And by the way, the only person you are hurting by making principal payments on a low interest loan is yourself. The rate of return from home equity is always ZERO. Having $100 dollar bills behind your drywall that are yielding you $0, is never a smart move. The bank makes money either way. That money you are using to make principal payments could be used to instead growth your wealth.
You have the return on the wrong item here. The prepayment has a return on its own, independent of the home, at a rate equal to the interest rate.

Your home is worth $400K, and you have a $200K mortgage at 3% with 10 years left, and a monthly payment of $1931. You decide to pay $1437 against your mortgage now. You continue to make the same payments, but since the principal is lower, you pay less interest, and slightly more of each payment goes to principal. In 119 months, you have reduced the principal by $1931, which is exactly your final month's payment, so you avoid this payment entirely. Therefore, by paying $1437 now, you get $1931 in ten years.

This is a 3% return, not a 0% return. I still wouldn't recommend that at current rates, since you can earn more than 3% on low-risk bonds. However, raise the loan rate to 4%, and it now becomes a good deal to pay down the loan if you are not deducting the interest and are maxing out your retirement savings and you don't need the liquidity. (If you bought a bond instead of paying down the mortgage, you could sell that bond on the bond market; you can't re-borrow the mortgage on the same terms.)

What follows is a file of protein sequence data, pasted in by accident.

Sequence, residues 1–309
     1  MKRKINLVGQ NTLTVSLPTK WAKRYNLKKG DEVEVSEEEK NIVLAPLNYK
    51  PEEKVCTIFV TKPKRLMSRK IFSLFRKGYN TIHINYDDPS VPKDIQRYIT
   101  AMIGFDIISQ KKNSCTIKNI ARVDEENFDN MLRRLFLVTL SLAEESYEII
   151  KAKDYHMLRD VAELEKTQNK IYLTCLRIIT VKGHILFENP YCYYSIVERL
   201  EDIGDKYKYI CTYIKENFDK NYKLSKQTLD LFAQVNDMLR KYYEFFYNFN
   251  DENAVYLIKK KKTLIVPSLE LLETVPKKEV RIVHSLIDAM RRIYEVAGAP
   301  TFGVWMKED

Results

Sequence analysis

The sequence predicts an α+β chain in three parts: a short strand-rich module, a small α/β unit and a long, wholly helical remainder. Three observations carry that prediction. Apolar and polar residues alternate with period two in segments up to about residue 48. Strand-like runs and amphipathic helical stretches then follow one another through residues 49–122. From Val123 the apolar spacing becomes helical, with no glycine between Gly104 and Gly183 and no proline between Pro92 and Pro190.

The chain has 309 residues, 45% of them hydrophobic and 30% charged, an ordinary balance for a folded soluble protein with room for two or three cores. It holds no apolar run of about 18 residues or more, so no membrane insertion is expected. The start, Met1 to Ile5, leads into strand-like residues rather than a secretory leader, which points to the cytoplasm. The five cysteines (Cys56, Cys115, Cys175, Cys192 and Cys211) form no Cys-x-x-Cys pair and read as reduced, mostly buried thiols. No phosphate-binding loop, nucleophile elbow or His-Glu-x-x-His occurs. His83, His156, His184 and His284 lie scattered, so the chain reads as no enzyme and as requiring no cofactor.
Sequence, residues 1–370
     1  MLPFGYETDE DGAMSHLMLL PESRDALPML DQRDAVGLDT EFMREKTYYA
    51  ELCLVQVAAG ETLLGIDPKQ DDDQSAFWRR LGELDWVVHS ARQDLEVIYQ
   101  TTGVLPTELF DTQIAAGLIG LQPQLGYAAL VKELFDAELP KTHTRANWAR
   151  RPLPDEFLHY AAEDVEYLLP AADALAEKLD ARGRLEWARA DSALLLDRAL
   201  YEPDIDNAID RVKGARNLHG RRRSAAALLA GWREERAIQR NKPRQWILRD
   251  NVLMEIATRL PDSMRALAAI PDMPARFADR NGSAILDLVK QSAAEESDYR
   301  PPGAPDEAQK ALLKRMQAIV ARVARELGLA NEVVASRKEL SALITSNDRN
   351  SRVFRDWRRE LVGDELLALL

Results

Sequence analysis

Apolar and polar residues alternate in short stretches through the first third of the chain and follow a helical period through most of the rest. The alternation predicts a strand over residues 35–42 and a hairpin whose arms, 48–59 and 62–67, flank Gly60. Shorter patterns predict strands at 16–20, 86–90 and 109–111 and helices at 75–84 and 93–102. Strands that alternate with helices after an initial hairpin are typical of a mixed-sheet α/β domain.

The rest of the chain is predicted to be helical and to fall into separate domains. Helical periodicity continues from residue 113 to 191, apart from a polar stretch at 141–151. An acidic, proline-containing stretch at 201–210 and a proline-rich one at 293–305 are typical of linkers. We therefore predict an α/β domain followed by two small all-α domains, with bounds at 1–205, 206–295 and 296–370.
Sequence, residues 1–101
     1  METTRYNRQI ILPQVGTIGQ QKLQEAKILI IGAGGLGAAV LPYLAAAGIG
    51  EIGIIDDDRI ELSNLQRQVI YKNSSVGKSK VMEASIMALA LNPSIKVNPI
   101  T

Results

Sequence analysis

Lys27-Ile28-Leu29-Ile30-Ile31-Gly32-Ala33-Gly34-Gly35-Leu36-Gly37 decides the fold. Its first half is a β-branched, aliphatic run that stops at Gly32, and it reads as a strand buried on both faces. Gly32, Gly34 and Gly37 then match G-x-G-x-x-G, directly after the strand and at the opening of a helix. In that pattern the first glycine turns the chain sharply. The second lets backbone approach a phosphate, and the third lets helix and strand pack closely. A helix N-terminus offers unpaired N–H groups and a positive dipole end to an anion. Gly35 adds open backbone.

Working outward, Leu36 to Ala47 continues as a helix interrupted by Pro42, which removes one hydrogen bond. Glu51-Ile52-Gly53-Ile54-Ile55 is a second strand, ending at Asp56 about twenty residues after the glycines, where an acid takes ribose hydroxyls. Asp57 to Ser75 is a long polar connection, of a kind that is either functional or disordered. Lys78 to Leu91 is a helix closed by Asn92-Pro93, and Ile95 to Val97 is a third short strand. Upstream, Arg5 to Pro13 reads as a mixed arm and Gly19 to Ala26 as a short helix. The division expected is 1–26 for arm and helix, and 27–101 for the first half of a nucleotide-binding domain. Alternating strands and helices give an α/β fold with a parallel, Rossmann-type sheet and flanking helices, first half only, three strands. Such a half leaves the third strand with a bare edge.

The return is not on your home equity, which is the same after ten years whether you made the prepayment or not. In fact, the return had nothing to do with the loan being a mortgage; making a prepayment on a student loan at 3% or 4% would have the same benefit.

(edited to fix typo)
Last edited by grabiner on Tue Dec 25, 2018 10:42 pm, edited 1 time in total.
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Watty
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Re: Bank offered free interest rate reduction

Post by Watty » Sat Dec 22, 2018 4:54 pm

vested1 wrote:
Sat Dec 22, 2018 2:55 pm
When I made a large principal payment this year I immediately got an unsolicited offer from the bank to recast the mortgage at a lower rate (-.5%), which is different than the great deal offered to the OP, because the recast would have reset the term to 30 years. Maybe after I make my next large principal payment next year they'll make an effort to keep the mortgage and offer me something similar with no strings attached.
You can always keep making the same payment.

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techland
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Re: Bank offered free interest rate reduction

Post by techland » Sat Dec 22, 2018 5:23 pm

Nope, no prepayment penalty or anything. Simply a reduction in the mortgage interest.

After double and triple checking with a bank manager, I sent in the form.

My biggest question was why they need my permission to lower my interest rate, if no other terms are changing. There is no situation where someone would not want that. But they said due to legal reasons, any modification at all, even if they are just giving me back money, requires my approval.